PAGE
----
McAuliffe has also served as one of the Clintons' most trusted political advisors, skilled fundraisers, and now adds experience winning a critical purple state to his resume.
If you know a Clinton you know McAuliffe, and vice versa.
So it's no surprise that McAuliffe's campaign was littered with Clinton alums and prospective Clinton aides.
McAuliffe's campaign manager Robby Mook, a young, known quantity and a well-respected political hand who has roots in Clinton's 2008 campaign, is rumored to be a contender to run a Clinton presidential campaign.
Democratic pollster Geoff Garin, another 2008 Clinton hand, also worked with McAuliffe, and several Clinton donors and fundraisers, who McAuliffe knows well from his days raising millions for Bill and Hillary, pitched in as well.
Though McAuliffe's was ultimately a narrow victory, the organizational know-how of the McAuliffe staff will be a crucial resource to whoever becomes the next Democratic presidential candidate—especially if that person is Clinton.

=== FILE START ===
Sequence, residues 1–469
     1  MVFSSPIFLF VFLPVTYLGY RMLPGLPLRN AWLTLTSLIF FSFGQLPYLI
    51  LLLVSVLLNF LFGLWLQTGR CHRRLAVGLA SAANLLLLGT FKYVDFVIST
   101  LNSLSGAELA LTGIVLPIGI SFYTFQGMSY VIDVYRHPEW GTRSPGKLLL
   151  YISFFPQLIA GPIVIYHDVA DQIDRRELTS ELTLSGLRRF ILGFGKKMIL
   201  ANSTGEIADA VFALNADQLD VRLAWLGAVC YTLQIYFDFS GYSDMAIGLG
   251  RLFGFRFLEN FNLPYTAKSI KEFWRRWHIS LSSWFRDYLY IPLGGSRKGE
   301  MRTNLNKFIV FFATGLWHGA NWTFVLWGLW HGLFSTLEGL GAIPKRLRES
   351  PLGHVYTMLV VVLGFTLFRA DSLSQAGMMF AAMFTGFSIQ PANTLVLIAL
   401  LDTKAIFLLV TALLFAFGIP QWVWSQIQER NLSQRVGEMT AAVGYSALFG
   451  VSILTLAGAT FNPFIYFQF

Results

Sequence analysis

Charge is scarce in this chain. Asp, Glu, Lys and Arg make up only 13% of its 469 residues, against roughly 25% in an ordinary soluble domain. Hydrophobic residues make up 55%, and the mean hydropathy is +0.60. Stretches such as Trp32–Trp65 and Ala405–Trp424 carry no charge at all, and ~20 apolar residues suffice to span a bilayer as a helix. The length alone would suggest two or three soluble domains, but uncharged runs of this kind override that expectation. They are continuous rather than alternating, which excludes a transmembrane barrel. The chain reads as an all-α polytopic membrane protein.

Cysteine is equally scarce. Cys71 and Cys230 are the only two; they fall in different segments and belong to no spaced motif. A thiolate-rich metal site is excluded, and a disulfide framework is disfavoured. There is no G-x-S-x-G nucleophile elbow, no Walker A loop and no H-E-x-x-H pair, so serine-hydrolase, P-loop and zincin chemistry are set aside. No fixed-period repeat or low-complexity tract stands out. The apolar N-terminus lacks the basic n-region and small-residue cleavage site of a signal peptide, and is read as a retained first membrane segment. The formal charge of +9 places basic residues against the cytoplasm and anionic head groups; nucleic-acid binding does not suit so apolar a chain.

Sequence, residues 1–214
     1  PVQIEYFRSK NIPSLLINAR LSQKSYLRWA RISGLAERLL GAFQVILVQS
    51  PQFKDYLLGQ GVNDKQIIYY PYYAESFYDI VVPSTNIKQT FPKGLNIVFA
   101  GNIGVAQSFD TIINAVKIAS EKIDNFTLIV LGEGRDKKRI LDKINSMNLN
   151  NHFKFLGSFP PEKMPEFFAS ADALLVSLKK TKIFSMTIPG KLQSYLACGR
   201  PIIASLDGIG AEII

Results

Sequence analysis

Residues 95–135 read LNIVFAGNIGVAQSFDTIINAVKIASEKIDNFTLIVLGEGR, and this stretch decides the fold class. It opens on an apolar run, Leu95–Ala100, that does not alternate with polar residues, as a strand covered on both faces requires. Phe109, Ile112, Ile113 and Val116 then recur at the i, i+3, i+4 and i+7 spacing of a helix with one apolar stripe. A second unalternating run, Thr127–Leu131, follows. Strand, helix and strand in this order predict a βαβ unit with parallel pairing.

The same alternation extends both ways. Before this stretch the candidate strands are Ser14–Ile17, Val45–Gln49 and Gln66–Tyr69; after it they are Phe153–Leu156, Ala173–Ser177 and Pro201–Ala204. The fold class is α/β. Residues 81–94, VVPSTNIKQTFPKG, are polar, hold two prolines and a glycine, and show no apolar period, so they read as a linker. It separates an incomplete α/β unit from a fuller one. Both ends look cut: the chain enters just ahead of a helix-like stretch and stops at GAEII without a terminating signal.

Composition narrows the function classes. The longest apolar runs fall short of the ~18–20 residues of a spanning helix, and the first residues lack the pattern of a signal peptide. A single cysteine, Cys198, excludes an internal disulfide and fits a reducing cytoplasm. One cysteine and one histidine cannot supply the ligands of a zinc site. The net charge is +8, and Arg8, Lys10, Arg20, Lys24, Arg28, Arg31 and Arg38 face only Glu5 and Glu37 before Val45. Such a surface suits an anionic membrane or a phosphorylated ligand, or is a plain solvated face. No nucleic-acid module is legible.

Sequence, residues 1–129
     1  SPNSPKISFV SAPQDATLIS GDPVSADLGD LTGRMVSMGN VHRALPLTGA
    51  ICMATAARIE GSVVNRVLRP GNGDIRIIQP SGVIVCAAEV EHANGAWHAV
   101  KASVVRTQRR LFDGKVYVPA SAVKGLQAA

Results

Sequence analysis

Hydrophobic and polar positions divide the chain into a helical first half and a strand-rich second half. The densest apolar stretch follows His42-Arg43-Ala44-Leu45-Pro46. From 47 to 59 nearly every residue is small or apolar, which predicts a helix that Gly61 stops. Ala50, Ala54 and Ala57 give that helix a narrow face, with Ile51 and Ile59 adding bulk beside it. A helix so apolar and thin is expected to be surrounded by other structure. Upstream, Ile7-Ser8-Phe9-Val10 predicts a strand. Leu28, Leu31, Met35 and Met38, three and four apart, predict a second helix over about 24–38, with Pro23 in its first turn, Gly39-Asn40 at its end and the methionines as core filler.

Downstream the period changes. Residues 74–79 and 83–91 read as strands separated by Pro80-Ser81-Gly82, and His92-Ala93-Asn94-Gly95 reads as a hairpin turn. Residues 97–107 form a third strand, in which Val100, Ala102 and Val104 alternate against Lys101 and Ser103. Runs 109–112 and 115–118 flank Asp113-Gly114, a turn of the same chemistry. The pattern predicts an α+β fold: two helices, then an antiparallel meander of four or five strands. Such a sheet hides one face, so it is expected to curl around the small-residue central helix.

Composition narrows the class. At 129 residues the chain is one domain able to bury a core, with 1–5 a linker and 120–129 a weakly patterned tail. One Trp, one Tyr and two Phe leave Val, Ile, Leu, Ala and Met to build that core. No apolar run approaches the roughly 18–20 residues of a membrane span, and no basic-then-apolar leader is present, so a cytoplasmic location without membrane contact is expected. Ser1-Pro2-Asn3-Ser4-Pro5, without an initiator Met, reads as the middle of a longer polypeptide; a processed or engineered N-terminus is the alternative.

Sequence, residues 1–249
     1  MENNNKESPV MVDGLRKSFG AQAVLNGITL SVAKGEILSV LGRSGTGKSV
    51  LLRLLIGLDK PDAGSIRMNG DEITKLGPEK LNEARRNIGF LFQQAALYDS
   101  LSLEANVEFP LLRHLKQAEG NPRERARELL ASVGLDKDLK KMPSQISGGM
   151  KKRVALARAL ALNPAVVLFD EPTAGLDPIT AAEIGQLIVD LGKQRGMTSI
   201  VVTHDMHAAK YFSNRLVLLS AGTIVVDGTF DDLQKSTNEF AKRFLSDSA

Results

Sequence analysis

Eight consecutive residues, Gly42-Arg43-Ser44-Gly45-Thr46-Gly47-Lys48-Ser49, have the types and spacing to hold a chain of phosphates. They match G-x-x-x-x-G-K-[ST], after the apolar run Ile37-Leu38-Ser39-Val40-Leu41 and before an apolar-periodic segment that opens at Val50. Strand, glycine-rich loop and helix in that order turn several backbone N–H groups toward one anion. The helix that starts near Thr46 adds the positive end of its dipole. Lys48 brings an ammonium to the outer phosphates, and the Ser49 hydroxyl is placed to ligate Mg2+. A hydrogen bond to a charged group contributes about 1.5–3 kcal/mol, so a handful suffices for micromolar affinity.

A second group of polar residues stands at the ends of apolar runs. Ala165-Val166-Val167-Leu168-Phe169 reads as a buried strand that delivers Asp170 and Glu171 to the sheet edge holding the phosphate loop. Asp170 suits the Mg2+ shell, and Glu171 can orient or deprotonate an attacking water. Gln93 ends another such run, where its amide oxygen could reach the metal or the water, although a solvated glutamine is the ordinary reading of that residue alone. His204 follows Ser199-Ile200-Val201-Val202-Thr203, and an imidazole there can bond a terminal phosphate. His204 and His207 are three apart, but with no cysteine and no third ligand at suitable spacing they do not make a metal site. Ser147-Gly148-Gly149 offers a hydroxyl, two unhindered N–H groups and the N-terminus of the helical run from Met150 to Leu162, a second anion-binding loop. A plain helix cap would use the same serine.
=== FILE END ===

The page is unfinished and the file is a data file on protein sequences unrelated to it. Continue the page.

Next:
As candidates, both McAuliffe and Republican Ken Cuccinelli were far from perfect. But Democrats credit the turn-out operation—in addition to voters' nervousness about Cuccinelli's ultra-conservatism, according to exit polls—with delivering the edge.
"He stayed focused, he stayed disciplined, and he out-organized the other guy," Begala said. "That's really how these things are decided: by finding your voters and turning them out."
Democrats are probably the most proud of the take-no-prisoners approach employed by a cadre of outside groups who collectively poured millions into this election on McAuliffe's behalf.
To name a few, labor groups spent $2.5 million, Planned Parenthood spent more than $1.5 million, and New York City Mayor Michael Bloomberg's gun control super PAC Independence USA spent $2 million.
Aside from a barrage of negativity on the airwaves, the coordinated effort gave outside groups a model that they can use going forward in the 2014 elections and beyond.